The Rev. Jesse Jackson, ending weeks of speculation, said Monday that he would accept the Democratic vice presidential nomination if it were offered.
He made his announcement amid indications that Massachusetts Gov. Michael S. Dukakis, the presumptive presidential nominee, would announce his choice within a few days, and that it most likely will not be Jackson.
"If it was offered to me, I would accept it," Jackson told reporters after a two-hour meeting with Paul P. Brountas, the Dukakis aide who has been coordinating the search for a running mate.
In recent days, relations between Jackson and Dukakis had become increasingly strained as Jackson repeatedly pressured Dukakis about "the criteria" for Dukakis' choice.
Both Brountas and Jackson told a news conference that the session, their second, went well.
Jackson said he gave Brountas his "views of the vice presidency, the job and what it entails."
With Brountas standing nearby at a crowded news conference at the Marriott Hotel following their meeting, Jackson said: "I'm going to support the party. I've done that down through the years."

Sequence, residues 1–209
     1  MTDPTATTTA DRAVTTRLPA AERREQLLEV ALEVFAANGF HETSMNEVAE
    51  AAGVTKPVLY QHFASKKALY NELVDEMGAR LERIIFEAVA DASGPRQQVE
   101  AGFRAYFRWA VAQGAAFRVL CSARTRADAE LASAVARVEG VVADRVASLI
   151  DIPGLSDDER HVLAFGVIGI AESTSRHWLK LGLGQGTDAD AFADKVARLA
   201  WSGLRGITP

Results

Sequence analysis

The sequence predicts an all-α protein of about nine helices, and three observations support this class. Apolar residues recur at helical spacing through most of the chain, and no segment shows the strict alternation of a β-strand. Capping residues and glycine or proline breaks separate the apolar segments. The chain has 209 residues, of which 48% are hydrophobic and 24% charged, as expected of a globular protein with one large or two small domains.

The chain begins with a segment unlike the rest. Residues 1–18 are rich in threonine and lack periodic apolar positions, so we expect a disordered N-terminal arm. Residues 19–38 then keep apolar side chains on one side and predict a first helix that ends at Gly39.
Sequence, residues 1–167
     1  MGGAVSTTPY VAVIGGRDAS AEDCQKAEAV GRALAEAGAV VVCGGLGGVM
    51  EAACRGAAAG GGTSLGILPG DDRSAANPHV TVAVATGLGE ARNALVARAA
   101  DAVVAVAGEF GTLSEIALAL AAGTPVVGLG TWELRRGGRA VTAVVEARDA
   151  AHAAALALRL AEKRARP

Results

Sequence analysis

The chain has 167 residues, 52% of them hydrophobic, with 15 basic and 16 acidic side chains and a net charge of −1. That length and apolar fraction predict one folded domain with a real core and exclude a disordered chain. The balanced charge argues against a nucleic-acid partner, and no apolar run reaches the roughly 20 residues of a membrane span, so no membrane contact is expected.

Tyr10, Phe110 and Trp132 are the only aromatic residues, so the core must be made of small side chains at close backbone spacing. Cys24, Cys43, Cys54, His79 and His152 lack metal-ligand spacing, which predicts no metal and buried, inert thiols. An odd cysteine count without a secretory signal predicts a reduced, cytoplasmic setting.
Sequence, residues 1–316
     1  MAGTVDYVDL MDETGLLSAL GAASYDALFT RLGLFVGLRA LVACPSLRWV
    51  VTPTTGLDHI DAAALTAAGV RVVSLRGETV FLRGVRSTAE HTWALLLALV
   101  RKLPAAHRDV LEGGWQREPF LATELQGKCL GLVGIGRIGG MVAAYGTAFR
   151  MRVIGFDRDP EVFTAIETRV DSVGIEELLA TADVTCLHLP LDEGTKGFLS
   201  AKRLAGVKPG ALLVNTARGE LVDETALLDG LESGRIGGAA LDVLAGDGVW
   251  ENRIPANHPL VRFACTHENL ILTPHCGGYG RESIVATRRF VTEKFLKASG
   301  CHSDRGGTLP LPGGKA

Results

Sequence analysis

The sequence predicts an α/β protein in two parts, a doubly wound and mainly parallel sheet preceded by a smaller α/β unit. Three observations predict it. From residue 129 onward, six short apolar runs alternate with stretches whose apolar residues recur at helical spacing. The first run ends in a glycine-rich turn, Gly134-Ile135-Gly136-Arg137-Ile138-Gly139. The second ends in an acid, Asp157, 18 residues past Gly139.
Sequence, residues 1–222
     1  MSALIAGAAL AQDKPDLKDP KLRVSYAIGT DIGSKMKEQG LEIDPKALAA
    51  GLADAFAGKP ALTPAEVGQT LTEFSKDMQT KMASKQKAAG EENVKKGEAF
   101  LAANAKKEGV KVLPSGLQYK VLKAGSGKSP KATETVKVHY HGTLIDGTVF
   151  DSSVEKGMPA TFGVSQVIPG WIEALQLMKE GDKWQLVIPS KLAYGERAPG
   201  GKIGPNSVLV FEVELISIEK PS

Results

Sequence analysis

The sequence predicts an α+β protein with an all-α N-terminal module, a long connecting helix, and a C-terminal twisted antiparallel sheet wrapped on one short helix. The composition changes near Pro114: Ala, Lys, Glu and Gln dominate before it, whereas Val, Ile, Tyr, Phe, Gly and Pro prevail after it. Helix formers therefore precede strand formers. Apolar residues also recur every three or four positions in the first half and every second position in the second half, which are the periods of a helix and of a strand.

But he added that the "quality" of that support was still to be determined and that it was up to Dukakis "to define the nature and quality of (our) relationship."
Jackson is Dukakis' last active rival for the presidential nomination that the governor has all but locked up, with 2,426 delegates pledged to him compared to 1,135 for Jackson, with 2,081 needed to nominate. Jackson said having his name placed in nomination for the vice presidency in defiance of Dukakis' wishes "is not under consideration."
Jackson said Brountas asked if he would be loyal to the party, "and the answer is yes."
But when asked whether that meant no matter who was on the ticket, Jackson hedged, saying "one has to make a political judgment" about whether to support anyone.
"I can speak most appropriately," Jackson said, "(about) if it were offered to me. I would accept. If it is not offered to me then my response would be based upon many things that we've not discussed."